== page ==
Praying for wisdom, I stepped quietly out of the argument and turned to my computer. She seemed relieved and contented herself with talking to Marmy (who is far less provoking than I, to be sure). I pulled up pictures of women from different cultures that had rebelled against the Lord and contrasted them with pictures of women who lived in cultures influenced heavily by Christianity. The contrast was clear. I invited her to take a look and she stiffly accepted. I had a feeling she probably didn't care one bit, but I showed her anyway. By the end of it, she still acted as though she disagreed but all tension was gone. I just gave it to God.
    The next day, some friends came over that usually wear that style of make-up, but for whatever reason, had none on. Sis raved over how beautiful they were. Then she started sharing with them what I had showed her about the contrasting styles.

    All I can say is hallelujah. Left to myself, I would have carried on and repelled her from ever considering my opinion. God changed the direction of that "argument" and defused it with His love and wisdom.


    In other words, Amen!

    Soli Deo Gloria,
    Shelby

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  4. Bailey,

    You always seem to have the argument well in hand, when we discuss things. I suppose I must catagorize myself with the disagreeable disagreer.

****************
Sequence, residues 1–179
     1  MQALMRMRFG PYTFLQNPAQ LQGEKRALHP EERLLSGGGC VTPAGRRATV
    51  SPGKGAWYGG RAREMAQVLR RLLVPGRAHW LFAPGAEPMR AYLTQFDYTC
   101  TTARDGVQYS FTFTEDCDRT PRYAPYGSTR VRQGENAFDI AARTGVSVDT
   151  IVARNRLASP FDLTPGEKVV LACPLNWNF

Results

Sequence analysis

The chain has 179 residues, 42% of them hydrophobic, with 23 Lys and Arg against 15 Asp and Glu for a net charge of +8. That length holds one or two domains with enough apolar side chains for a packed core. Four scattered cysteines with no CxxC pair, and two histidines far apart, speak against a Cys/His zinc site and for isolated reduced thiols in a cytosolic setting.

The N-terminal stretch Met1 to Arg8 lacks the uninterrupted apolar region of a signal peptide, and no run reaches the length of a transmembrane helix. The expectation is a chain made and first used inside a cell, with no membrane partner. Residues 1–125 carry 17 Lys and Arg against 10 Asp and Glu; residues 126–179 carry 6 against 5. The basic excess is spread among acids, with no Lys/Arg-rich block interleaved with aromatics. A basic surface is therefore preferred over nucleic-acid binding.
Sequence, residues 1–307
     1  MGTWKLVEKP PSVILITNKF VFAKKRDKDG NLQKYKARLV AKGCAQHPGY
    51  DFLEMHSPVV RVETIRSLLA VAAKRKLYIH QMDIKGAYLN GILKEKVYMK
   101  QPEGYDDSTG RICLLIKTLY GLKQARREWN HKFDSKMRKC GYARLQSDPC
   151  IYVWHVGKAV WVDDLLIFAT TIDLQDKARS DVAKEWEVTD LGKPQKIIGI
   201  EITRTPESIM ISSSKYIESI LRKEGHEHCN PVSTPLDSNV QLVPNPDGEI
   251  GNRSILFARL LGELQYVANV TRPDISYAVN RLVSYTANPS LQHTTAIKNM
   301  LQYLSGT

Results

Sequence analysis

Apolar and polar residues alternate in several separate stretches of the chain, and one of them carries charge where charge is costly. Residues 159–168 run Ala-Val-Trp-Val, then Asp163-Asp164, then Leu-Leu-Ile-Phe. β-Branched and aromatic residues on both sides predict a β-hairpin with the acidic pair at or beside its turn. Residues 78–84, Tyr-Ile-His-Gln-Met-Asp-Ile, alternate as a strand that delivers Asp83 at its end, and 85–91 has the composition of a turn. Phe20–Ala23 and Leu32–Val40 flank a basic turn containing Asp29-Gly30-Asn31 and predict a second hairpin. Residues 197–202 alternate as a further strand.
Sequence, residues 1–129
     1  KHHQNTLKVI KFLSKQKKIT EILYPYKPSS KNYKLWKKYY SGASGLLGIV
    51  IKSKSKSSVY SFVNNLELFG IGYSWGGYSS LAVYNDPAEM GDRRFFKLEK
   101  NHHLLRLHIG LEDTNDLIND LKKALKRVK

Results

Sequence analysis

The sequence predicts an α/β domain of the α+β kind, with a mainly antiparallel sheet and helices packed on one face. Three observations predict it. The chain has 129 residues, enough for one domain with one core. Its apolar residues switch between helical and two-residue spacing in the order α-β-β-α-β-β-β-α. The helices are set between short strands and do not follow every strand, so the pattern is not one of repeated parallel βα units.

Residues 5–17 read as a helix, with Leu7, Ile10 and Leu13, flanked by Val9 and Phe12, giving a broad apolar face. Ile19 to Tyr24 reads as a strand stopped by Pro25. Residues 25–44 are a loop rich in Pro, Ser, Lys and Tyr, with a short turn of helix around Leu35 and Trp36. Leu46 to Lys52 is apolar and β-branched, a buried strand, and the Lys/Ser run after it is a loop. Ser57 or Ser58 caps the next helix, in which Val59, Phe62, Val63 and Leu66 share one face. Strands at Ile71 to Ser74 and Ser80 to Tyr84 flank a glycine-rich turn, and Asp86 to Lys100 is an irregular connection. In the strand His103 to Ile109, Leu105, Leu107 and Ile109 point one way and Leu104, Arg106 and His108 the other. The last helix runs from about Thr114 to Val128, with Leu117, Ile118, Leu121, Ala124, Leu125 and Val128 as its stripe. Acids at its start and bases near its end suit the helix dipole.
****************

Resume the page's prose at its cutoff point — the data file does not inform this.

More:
Thank you for allowing me to win so often. And explaining how I always lose every argument I get in. Now, if only I could put this into practice... ?

    -DFA

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  5. Missy - Thank you! That quote is so true. If only I could apply it.....

    Floppeth - Why, thank'ee. We're such exemplary sisters. We haven't had a real fight since last Friday - and that was rather a pathetic effort, if I do say so myself. If only all girls would follow our example. *HUGS*

    Shelby - Your first line cracked me up. Shocking, isn't it? And bravo for you for listening to conviction during one of those heated big sister moments. It's so hard to let go when you're absolutely convicted you're right. (I was so excited to get your comment. I stared at the dashboard all day yesterday waiting for it. =))

    Tragedy101 - You were the furthest person from my mind when I wrote about disagreeable disagreers. I put you as an exemplary agreeable disageer - and I mean that sincerely. I wish all dissenting commenters would comment as you do. But that too is a generalization, for you also agree beautifully. (And I think that I always get to stick the last word in during our conversations, so I'm the loser there.)

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  6. I tend to be rather quiet most of the time, so you might say it's easier for me to "win" by losing. Sorta. Sometimes it's REALLY hard to stay calm and only say good things in reply to the bad things others say. *sighs* Thank the Lord for the help He gives us!